Sunanda, Sunandā, Su-nanda: 24 definitions
Sunanda means something in Buddhism, Pali, Hinduism, Sanskrit, Jainism, Prakrit, the history of ancient India. If you want to know the exact meaning, history, etymology or English translation of this term then check out the descriptions on this page. Add your comment or reference to a book if you want to contribute to this summary article.
Shaktism (Shakta philosophy)Source: Wisdom Library: Śāktism
Sunandā (सुनन्दा, “pleasing, delighting ”):—Name of one of the goddesses to be worshipped during Āvaraṇapūjā (“Worship of the Circuit of Goddesses”), according to the Durgāpūjātattva (“The truth concerning Durgā’s ritual”). They should be worshipped with either the five upācāras or perfume and flowers.
Her mantra is as follows:
Source: Kamakoti Mandali: The Yoginis of Narasimha Vyuha
ह्रीं ओं सुनन्दायै नमः
hrīṃ oṃ sunandāyai namaḥ
Sunandā (सुनन्दा) is the name of a Mātṛkā-Śakti created by Mahārudra in order to control the plague of demons created by Andhakāsura.—Accordingly, Andhaka-Asura tried to kidnap Umā (Devī Pārvatī), and was fiercely attacked by Mahārudra who shot arrows at him from his mahāpināka. when the arrows pierced the body of Andhakāsura, drops of blood fell to earth and from those drops, thousands of Andhakas arose. To control this plague of demons, Mahārudra created Mātṛkā-Śaktis [viz., Sunandā] and ordered them to drink the blood of the demons and drain them dry.Source: Kamakoti Mandali: Nrisimha matrika-mandala
Sunandā (सुनन्दा) refers to one of the various Mātṛkā-Śaktis created by Rudra in order to destroy the clones that spawned from Andhaka’s body.—Accordingly, [...] Andhakāsura attempted to abduct Girājanandinī (Pārvatī) and thus ensued a fierce battle between Andhakāsura and the great Rudra, the Lord of Umā. Like raktabīja, every drop of blood that fell from the body of Andhaka created another Asura like him and in no time, the entire world was filled with Andhakas. To destroy the growing number of Andhakas, Rudra created innumerable Mātṛkā-Śaktis [viz., Sunandā]. These Śaktis of immense power at once began to drink every drop of blood that flowed from the body of Andhaka, but they could still not effectively contain the emergence of more and more demons.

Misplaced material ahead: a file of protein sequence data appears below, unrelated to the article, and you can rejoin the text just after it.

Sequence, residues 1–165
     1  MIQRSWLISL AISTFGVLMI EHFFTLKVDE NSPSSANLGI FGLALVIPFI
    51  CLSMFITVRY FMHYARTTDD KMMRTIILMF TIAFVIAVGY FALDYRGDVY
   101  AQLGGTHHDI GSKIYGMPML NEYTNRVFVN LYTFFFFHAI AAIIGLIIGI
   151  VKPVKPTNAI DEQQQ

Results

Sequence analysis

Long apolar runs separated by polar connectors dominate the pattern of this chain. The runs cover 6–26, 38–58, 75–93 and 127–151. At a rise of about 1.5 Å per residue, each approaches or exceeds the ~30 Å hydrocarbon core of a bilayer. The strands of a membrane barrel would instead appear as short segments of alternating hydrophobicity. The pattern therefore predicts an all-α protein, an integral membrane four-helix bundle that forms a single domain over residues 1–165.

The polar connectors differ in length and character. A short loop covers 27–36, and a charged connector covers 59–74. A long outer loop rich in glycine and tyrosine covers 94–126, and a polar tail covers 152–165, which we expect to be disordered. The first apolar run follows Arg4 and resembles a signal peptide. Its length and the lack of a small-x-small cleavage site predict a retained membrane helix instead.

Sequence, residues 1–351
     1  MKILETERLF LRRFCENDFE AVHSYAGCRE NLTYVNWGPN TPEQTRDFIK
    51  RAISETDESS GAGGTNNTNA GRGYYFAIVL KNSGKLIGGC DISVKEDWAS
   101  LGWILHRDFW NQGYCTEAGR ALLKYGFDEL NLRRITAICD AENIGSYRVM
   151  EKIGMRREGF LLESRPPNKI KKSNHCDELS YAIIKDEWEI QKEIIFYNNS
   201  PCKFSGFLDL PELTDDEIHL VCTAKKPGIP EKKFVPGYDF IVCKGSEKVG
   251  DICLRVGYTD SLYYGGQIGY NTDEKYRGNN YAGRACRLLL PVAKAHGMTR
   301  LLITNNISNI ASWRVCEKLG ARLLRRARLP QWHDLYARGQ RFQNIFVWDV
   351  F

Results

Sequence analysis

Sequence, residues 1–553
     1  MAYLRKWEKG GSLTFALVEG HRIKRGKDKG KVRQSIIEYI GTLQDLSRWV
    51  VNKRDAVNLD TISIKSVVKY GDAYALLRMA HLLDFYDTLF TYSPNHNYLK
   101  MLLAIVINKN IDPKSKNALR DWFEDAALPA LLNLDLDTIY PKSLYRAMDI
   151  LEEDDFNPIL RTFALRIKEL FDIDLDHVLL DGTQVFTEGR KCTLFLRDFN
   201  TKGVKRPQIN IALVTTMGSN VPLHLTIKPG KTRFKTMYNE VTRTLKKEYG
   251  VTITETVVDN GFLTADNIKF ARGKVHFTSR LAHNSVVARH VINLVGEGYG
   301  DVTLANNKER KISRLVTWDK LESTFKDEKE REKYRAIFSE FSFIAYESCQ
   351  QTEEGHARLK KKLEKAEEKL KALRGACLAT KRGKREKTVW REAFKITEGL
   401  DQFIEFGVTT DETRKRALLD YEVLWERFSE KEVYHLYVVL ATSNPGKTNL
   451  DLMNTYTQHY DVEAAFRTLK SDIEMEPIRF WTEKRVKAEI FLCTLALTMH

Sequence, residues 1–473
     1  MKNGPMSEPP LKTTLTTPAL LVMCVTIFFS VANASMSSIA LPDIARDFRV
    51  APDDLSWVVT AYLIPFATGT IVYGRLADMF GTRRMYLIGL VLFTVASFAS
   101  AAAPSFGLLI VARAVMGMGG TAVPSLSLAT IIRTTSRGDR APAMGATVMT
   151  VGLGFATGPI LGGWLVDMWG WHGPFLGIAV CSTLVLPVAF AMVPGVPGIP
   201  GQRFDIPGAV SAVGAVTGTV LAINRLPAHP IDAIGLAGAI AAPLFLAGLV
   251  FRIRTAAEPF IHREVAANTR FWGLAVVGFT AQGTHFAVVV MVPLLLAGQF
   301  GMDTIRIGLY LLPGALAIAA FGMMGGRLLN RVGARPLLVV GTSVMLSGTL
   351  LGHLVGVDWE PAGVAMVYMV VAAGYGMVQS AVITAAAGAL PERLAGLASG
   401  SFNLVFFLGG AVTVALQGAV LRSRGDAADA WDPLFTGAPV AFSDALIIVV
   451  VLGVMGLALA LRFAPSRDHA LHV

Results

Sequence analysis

Shakta (शाक्त, śākta) or Shaktism (śāktism) represents a tradition of Hinduism where the Goddess (Devi) is revered and worshipped. Shakta literature includes a range of scriptures, including various Agamas and Tantras, although its roots may be traced back to the Vedas.
Natyashastra (theatrics and dramaturgy)Source: Wisdom Library: Nāṭya-śāstra
Sunandā (सुनन्दा) is the name of an Apsara created for the sake of a type of dramatic perfomance. Acording to the Nāṭyaśāstra 1.46-51, after Brahmā asked Bharata for materials necessary for the Graceful Style (kaiśikī: a type of performance, or prayoga), Bharata answered “This Style cannot be practised properly by men except with the help of women”. Therefore, Brahmā created with his mind several apsaras (celestial nymphs), such as Sunandā, who were skillful in embellishing the drama.
Natyashastra (नाट्यशास्त्र, nāṭyaśāstra) refers to both the ancient Indian tradition (śāstra) of performing arts, (nāṭya, e.g., theatrics, drama, dance, music), as well as the name of a Sanskrit work dealing with these subjects. It also teaches the rules for composing dramatic plays (nataka) and poetic works (kavya).
Vaishnavism (Vaishava dharma)Source: ISKCON Press: Glossary
Sunanda (सुनन्द).—One of the chief personal servants of Lord Nārāyaṇa in His spiritual abode, Vaikuṇṭha.
Vaishnava (वैष्णव, vaiṣṇava) or vaishnavism (vaiṣṇavism) represents a tradition of Hinduism worshipping Vishnu as the supreme Lord. Similar to the Shaktism and Shaivism traditions, Vaishnavism also developed as an individual movement, famous for its exposition of the dashavatara (‘ten avatars of Vishnu’).
Purana and Itihasa (epic history)Source: Wisdom Library: The Matsya-purāṇa
Śunandā (शुनन्दा) is the name of a mind-born ‘divine mother’ (mātṛ), created for the purpose of drinking the blood of the Andhaka demons, according to the Matsya-purāṇa 179.8. The Andhaka demons spawned out of every drop of blood spilled from the original Andhakāsura (Andhaka-demon). According to the Matsya-purāṇa 179.35, “Most terrible they (e.g., Śunandā) all drank the blood of those Andhakas and become exceedingly satiated.”